Lifestyle Interventions Can Prevent Major Depression in Some Older Adults

Issue Date: 
April 7, 2014

Discussions with a dietary coach to learn about healthy eating were as effective as meeting with a counselor for problem-solving or “talk” therapy in preventing major depression among older black and white adults with mild symptoms of the mood disorder, according to researchers at the University of Pittsburgh and the University of Maryland. Their findings were published online recently in Psychiatric Services.

DepressionCharles F. Reynolds is common, and treatments often don’t completely resolve the disability that attends the illness, said senior author Charles F. Reynolds III, UPMC Endowed Professor of Geriatric Psychiatry, Pitt School of Medicine. Sadness, fatigue, and disinterest in activities that used to bring pleasure can leave patients isolated and unable to care for themselves.

“That’s why we’re very interested in finding ways to prevent the disease in those we know are particularly vulnerable,” he said. “Avoiding episodes of major depression can help people stay happy and engaged in their communities, as well as reduce health care costs.”

The team assessed whether problem-solving therapy for primary care, or PST-PC, could prevent elderly adults with mild symptoms of depression from developing full-blown disease. PST-PC is a scientifically proven approach delivered by non-mental-health professionals to help patients resolve difficulties and improve coping skills and confidence. This group of elderly adults was compared to participants who underwent a program of dietary coaching at a similar visit interval for the same number of hours.

Researchers used innovative strategies to recruit and retain African American study participants, building upon a culturally tailored approach developed by Sandra Quinn and Stephen Thomas, co-investigators from the University of Maryland Center for Health Equity. 

“Because racial minorities are at greater risk for depression, in part due to socioeconomic disadvantages, lower educational attainment, and a greater likelihood of other medical problems, we established a foundation of trust working through churches and community-based organizations in black communities,” said Quinn. Of the 244 participants, 90, or more than one-third, were African American.

According to Reynolds, “Previous studies we and others have done indicate about 25 percent of people in later life who are mildly depressed become seriously depressed in the next one to two years.” In this study, the researchers found about 9 percent of the people in each intervention arm went on to experience an episode of major depression, and they all had a similar reduction in depressive symptoms over the two-year study period. Also, both approaches were equally successful among black and white participants.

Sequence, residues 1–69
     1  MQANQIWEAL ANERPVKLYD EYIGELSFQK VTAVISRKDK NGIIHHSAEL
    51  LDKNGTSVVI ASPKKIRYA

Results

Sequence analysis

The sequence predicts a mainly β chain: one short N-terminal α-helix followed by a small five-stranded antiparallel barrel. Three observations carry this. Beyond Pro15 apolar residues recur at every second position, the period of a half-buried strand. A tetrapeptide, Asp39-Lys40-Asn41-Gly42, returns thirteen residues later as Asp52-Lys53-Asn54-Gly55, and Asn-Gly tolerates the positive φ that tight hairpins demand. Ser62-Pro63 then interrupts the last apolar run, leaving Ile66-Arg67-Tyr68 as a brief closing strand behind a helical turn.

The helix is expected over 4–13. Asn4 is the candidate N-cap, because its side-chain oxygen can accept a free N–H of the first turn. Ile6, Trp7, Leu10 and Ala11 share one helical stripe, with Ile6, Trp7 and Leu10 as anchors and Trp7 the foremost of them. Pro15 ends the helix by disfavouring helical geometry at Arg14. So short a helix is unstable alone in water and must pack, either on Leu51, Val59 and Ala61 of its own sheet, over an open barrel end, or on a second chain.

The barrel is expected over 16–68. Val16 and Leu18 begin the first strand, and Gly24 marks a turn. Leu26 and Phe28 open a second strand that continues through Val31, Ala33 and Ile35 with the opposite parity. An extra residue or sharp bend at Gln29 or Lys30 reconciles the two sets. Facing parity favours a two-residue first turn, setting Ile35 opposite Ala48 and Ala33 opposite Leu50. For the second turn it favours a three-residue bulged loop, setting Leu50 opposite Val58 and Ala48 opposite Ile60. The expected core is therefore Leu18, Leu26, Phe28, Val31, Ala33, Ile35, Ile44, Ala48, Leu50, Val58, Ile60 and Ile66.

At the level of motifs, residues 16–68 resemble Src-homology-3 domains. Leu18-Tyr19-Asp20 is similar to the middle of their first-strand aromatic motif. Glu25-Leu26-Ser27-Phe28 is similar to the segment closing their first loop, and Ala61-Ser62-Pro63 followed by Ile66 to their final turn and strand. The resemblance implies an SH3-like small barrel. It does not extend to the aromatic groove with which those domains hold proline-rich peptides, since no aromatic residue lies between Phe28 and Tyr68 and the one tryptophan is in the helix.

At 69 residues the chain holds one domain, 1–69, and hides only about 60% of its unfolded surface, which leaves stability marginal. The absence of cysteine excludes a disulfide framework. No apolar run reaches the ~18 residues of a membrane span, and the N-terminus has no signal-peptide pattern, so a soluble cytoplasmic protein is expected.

“This project tells us that interventions in which people actively engage in managing their own life problems, such as financial or health issues, tend to have a positive effect on well-being and a protective effect against the onset of depression.”

“We suspect we had a higher than usual proportion of black participants because community leaders championed the project, no medication was prescribed, and treatment could be delivered at home or at other non-clinical settings,” Thomas said. “Lifestyle interventions, such as dietary coaching, may be more culturally appropriate and acceptable in racial-ethnic minority communities.”

In a new project, the researchers will examine whether the therapy for primary care can be effectively administered by lay health counselors in low- and middle-income countries such as India.

Additional Pitt co-authors of the paper include Jennifer Q. Morse, Steven Albert, Mary Amanda Dew, Amy Begley, Meryl A. Butters, Jordan F. Karp, Ariel Gildengers, Jacqueline A. Stack, John Kasckow, and Mark D. Miller.

The study was funded by the National Institute of Mental Health, the National Institute on Minority Health and Health Disparities, the National Institutes of Health, the University of Pittsburgh Medical Center Endowment in Geriatric Psychiatry, and the Commonwealth of Pennsylvania.